Escape and Evasion from Yugoslavia

To provide background on the complex situation in Yugoslavia during WWII, this page begins with a sample map of Yugoslavia during the war (for additional maps, click here) and some links to articles available on the Internet:

The following are links to articles about escape and evasion events that took place in various parts of Yugoslavia.  Most of the articles appeared in the AFEES newsletter, Communications.  To view an article, click on the link.

  • “‘George’ Was Busy Helping Airmen”.  Click here.
  • “Downed in Yugoslavia”.  Click here.
  • “WWII Veterans Honor Croation”.  Click here.
  • Operation Halyard.  Click here.
  • “A Dream Comes True for Joe Maloney.”  Click here.
  • “I Was There”  (Slovenia) by Les Laws.  Click here.
  • “Joe Puts Together His Story”.  Click here.
  • “Chetniks Help Pilot Fly Again”.  Click here.
  • “OSS Captain Remembers the General”.  Click here.
  • “Serbian Rescuers Aided U.S. Crews”.  Click here.
  • “‘Zvonko’ led Halyard Mission.  Click here.

For more articles on this subject, see these listings which also appear under the headings of Croatia, Slovenia, and Yugoslavia in the Index to Helpers on this website:

  • Article by Dura (George) Janosevic of aid to downed airmen in Yugoslavia – Sept. 1998, pg. 8-9;
  • Commemorative plaque marking 60 years since 500 airmen rescued, Galovic Field Apt. near Pranjani – Winter (Dec.) 2004-5, pg. 20-21;
  • Identification request of person in photo – Winter (Dec.) 2004-5, pg. 12;
  • Mihailovich, Gen. Dragoliub – Legion of Merit Medal and Certificate in the Degree of Chief Commander presented to his daughter – Fall (Sept.) 2006, pg. 20-21;
  • See also listings under Yugoslavia in the Helpers List.
  • See article, “Downed in Yugoslavia” on this website.
  •  Letter from John Rucigay.  Plans to reunite airmen with helpers in Yugoslavia in Sept. 1991 probably will not happen because of political unrest and uncooperative local governments – Spring 1991, pg. 2;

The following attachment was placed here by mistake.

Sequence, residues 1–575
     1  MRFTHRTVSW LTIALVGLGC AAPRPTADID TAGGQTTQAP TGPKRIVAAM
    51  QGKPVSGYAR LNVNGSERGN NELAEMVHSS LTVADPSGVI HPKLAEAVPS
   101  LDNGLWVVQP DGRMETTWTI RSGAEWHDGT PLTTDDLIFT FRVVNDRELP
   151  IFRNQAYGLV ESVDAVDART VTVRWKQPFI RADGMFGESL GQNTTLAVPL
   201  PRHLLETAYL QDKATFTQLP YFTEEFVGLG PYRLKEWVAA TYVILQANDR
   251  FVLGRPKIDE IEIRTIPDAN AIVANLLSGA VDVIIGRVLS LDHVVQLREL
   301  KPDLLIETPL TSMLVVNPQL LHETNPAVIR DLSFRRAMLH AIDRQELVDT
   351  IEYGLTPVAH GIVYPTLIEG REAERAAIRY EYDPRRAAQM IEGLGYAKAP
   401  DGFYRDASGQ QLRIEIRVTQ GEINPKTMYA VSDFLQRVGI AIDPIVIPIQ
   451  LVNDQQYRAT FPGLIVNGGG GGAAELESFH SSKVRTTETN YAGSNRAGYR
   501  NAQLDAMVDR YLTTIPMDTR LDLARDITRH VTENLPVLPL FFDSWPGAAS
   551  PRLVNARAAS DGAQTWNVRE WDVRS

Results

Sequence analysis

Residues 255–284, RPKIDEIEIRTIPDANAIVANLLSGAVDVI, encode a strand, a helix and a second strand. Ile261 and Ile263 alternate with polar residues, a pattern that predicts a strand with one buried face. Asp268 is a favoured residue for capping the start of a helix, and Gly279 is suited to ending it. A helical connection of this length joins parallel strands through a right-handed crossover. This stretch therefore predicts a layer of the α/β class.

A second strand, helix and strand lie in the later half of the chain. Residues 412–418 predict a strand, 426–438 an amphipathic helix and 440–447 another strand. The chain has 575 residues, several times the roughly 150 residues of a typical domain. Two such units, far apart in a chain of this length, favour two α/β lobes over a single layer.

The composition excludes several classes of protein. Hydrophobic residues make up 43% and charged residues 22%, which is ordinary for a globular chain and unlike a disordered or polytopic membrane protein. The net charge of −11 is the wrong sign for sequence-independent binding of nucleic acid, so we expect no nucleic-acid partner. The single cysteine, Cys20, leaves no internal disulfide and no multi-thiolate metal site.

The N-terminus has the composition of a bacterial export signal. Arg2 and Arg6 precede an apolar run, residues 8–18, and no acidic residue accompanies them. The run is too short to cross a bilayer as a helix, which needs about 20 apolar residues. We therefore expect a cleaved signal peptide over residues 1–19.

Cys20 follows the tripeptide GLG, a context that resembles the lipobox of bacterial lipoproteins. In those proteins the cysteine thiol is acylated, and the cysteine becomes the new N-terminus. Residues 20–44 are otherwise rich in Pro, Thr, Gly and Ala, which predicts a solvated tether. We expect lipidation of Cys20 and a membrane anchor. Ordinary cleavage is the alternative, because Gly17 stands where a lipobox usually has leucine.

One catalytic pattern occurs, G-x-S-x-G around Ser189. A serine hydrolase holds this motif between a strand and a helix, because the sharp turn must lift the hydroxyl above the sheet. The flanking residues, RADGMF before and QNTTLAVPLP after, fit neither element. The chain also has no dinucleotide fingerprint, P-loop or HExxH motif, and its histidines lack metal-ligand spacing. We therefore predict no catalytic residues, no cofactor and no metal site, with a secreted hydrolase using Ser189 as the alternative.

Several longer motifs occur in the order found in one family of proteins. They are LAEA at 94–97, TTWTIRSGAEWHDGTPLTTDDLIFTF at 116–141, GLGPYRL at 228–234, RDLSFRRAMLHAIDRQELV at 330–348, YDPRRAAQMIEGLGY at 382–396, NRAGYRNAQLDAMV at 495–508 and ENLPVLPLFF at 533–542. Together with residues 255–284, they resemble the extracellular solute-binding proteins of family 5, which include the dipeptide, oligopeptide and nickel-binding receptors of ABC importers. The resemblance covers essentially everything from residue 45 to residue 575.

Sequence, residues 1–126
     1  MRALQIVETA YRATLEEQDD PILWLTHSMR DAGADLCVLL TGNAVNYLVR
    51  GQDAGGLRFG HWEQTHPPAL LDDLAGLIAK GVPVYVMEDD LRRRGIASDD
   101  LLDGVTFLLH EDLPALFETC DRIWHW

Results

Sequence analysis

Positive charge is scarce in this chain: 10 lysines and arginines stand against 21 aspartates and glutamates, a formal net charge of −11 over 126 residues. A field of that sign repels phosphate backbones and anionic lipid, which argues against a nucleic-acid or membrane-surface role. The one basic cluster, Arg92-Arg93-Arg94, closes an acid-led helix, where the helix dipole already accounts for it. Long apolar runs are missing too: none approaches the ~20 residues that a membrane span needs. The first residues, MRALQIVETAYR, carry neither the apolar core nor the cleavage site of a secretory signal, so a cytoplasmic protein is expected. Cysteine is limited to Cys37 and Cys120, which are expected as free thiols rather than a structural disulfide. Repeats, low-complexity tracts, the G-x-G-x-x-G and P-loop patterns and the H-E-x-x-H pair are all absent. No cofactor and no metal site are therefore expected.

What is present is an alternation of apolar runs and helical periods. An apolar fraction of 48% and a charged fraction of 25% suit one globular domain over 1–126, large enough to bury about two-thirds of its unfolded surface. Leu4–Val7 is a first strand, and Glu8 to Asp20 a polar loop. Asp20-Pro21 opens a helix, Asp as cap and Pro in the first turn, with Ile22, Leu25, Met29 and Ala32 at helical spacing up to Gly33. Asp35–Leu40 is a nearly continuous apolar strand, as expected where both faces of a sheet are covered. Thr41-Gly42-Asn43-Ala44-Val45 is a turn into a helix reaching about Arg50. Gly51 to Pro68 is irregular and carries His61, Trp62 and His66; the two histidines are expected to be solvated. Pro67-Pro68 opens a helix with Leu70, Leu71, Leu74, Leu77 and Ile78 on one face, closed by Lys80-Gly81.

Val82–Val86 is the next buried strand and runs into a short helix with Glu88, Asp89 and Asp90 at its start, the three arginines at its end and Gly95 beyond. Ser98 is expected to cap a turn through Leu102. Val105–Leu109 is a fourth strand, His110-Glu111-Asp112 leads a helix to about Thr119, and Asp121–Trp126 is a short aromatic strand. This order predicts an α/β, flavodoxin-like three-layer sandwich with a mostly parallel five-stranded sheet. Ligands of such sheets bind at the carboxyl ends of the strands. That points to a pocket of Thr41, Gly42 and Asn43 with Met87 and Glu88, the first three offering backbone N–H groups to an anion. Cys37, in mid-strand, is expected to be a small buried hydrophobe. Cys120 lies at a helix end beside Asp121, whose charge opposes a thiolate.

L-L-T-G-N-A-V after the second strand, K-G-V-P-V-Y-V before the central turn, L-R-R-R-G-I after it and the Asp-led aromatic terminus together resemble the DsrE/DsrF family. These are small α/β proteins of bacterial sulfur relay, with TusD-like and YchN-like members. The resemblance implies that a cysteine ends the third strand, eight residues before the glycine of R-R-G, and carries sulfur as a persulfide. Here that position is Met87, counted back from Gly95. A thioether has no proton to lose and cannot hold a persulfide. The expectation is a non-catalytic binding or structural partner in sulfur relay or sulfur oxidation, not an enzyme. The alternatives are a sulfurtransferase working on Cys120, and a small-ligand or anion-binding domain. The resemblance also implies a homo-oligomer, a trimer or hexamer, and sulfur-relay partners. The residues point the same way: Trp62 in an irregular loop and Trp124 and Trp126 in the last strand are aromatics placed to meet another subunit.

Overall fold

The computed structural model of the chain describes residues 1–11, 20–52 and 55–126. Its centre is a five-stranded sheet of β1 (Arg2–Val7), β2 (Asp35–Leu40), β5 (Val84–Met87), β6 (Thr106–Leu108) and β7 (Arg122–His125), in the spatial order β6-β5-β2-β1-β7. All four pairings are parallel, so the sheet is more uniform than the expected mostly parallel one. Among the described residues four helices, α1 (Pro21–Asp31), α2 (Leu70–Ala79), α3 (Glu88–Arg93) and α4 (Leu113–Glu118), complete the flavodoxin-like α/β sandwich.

• “A Wild Trip Back Across Yugoslavia” – March 1997, pg. 16-17;
  • Thank you letter from Djura (George) Janosevic for publishing his story.  He was not allowed to publish it in Yugoslavia.  He was imprisoned after the war. – Dec. 1998, pg. 5.
  • Natl. Committee of American Airmen Rescued by Gen. Mihailovich seek honor for him – Summer 1990, pg. 15;
  • Letter from Ivo
  • Request for help identifying an evader downed on 8/24/44 near Daruvar, now in Croatia (Jovita Podgornik shown in accompanying photo) – Summer (June) 2007, pg. 5;
  • Situation in Yugoslavia by John Rucigay – Summer 1991, pg. 9; Summer 1992, pg. 2;
  • Story about Stanley Taxels who evaded in Bosnia and was helped by Dragutin Dvijanovic (, pg. 15;
  • Tito, Marshal – Winter (December) 2003-2004, pg. 29;
  • Tribute to Slovenian helpers – Winter 1992, pg. 10;
  • Identification of Americans in photo published in 2001 Summer issue – Sept. 2001, pt. 23;
  • Yugoslav Resistance, 1943-1944 by Kirk Ford, Jr., Texas A&M University Press, Sept. 2001, pg. 23;
  • “A 1995 Return to Serbia” reprinted from the Tucson, AZ Citizen, June 1995 – August 2002, pg. 25-27;
  • Indrija Museum in Slovenia rebuilt the Franja Hospital built by Partisans to treat their wounded and evaders – Winter (Dec.) 2007, pg.4;

See also the recent article, “Hazardous Balkan Air Rescue” by Kevin Morrow, in WWII History magazine, February 2022, pp. 64-73.

For books on the subject, see: 

Stanley, Charles E., Lost Airmen: The Epic Rescue of WWII U.S. Bomber Crews Stranded Behind Enemy Lines, 2022.  “Late in 1944, thirteen U.S. B-24 bomber crews bailed from their cabins over the Yugoslavian wilderness. Bloodied and disoriented after a harrowing strike against the Third Reich, the pilots took refugee with the Partisan underground. But the Americans were far from safety.

“Holed up in a village barely able to feed its citizens, encircled by Nazis, and left abandoned after a team of British secret agents failed to secure their escape, the airmen were left with little choice. It was either flee or be killed.

“In The Lost Airmen, Charles Stanley Jr. unveils the shocking true story of his father, Charles Stanley-and the eighteen brave soldiers he journeyed with for the first time. Drawing on over twenty years of research, dozens of interviews, and previously unpublished letters, diaries, and memoirs written by the airmen, Stanley recounts the deadly journey across the blizzard-swept Dinaric Alps during the worst winter of the Twentieth Century-and the heroic men who fought impossible odds to keep their brothers in arms alive.”  Available from AmazonAbeBooksThriftbooks.